From English to Urdu, silence of letters speak louder than words

Ehtesham Shahid
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I have surprised myself twice within six months.

After working as an English language editor and writer for over two decades, I suddenly discovered the joy of writing in my mother tongue, Urdu.

Then, egged-on by family, friends, well-wishers, and theater veterans, it was time last weekend to take to stage and perform for a discerning audience.

The outcome was a labor of love called Mian Biwi aur Wagah – Husband, Wife and the Wagah border (that divides India and Pakistan), a 2-hour-long Urdu play based on a series of letters, described by some as “recollections in tranquility.”

A still from the play Mia Biwi aur Wagah. (Supplied)
A still from the play Mia Biwi aur Wagah. (Supplied)

Stories of our lives

The letters narrated stories of our lives. They connected us to friends and families. The play was a blend of mirth, sarcasm, cross-border idiosyncrasies and even exposed some old scars. A land border in human form and a spirit realm gave the metaphysical touch, otherwise unimaginable.

The idea was to make people, from all walks of life, pause for a bit and relish the days when the writing and receiving of letters meant a human touch that has sadly gone amiss in today’s technology overdrive.

We wanted to make people believe that any space facilitating a normal yet stirring human conversation is better than the one guided by technology, and aided by emojis. These letters resonated with the audience because they told stories of “our” lives.

A still from the play Mia Biwi aur Wagah. (Supplied)
A still from the play Mia Biwi aur Wagah. (Supplied)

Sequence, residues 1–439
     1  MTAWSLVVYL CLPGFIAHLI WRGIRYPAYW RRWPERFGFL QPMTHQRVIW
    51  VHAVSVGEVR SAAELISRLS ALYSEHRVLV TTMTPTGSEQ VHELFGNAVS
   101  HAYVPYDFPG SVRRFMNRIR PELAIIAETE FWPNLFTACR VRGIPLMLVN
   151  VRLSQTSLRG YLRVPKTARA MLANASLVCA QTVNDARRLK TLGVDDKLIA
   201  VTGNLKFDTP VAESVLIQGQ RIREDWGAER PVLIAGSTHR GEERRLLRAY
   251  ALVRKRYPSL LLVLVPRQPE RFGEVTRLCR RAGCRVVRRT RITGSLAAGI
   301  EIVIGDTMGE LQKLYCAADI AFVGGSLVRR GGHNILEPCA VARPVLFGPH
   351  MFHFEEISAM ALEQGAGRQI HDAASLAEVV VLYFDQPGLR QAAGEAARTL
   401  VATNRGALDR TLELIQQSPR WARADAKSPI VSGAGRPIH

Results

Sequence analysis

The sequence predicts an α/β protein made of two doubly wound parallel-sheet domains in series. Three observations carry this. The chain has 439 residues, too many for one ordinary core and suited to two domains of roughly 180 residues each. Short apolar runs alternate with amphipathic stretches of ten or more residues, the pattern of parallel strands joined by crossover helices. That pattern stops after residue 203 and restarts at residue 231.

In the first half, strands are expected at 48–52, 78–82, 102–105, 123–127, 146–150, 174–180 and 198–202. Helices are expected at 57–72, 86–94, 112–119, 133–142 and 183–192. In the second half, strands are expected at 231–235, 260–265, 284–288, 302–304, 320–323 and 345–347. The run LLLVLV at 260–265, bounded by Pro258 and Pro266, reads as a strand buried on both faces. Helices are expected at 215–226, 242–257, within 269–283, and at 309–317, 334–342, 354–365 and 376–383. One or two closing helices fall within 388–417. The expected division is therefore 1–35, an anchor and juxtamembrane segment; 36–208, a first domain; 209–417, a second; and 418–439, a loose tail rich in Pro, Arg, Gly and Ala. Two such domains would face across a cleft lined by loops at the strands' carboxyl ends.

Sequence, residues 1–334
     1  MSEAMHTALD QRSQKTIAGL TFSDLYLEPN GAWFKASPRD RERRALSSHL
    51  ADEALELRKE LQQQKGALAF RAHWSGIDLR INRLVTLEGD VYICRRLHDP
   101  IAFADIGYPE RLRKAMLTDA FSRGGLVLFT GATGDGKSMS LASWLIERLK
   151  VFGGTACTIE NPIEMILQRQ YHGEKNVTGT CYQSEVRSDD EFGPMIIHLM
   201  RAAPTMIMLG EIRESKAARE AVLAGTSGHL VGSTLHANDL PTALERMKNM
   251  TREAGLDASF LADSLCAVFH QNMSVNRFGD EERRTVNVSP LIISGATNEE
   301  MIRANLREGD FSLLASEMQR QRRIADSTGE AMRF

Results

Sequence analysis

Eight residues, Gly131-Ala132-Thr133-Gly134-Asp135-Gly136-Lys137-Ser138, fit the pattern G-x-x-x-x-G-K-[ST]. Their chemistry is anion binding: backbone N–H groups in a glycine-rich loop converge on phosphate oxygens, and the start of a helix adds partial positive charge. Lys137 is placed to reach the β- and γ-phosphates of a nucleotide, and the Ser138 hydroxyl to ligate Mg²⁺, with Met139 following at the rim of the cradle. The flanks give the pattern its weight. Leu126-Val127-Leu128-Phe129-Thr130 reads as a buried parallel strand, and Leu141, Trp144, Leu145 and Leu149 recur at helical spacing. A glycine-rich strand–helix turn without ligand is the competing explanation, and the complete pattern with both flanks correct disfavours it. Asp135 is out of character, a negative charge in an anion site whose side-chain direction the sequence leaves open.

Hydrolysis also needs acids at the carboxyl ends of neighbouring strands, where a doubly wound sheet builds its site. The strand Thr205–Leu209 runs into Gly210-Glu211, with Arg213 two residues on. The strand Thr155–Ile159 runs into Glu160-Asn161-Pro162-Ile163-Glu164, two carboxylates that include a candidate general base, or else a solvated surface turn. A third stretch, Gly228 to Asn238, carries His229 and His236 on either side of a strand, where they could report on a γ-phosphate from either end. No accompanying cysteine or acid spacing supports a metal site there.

Getting it right

Two full houses, long waiting lists and significant corporate support suggest that we got a few things right, even though we are nowhere close to perfection.

The audience got nostalgic, emotional, and misty-eyed. They were taken down memory lane to the days when they could gather around an elderly family member and listen to a read-out of a letter from a distant cousin.

We could also make the audience believe that all is not lost and that whenever we choose to connect and share stories, the human in us triumphs over procrastination.

It is not the technology, but its addiction that is making robots of us all.

However, this is not supposed to be a rant against technology as social media played a major role in mobilizing support for the play. The problem is not with what is available to us. It is how we use it.

It was no coincidence that the people you would find playing with hand-held devices in the drawing room were the ones missing from the performance.

A still from the Urdu play Mia Biwi aur Wagah. (Supplied)
A still from the Urdu play Mia Biwi aur Wagah. (Supplied)

Not just about Urdu

Another major motivation for our group was to do something to arrest the declining use of Urdu, especially among the youth. Despite its felicity and wide popularity, it is widely acknowledged that the language – and the culture associated with it – are not being preserved and propagated enough.

However, a lot can be done if Urdu-lovers sit up and choose to do something about it. We experienced this first hand. We were encouraged by the fact that several members of the team weren’t really native Urdu speakers, yet embraced the concept.

Community Theater, especially in a place such as the UAE, needs the kind of support we were lucky to get. The place has been a boon for millions and a revival of letters – be it in Urdu or any other language – narrates our stories, here and back home.
New endeavor?

A section of the crowd before the start of the Urdu play, Mia Biwi aur Wagah. (Supplied)
A section of the crowd before the start of the Urdu play, Mia Biwi aur Wagah. (Supplied)

A journey and an endeavor

“End of a journey but beginning of an endeavor.” That is how I summed up the experience in my Facebook post following the event.

This is not a quest for an alternative career but I am convinced that a small step, even a reluctant one, to invoke human emotions, goes a long way in helping a cause.

It is time for us to make letters talk, because their silence has been deafening and without them the stories of our lives would go into oblivion.

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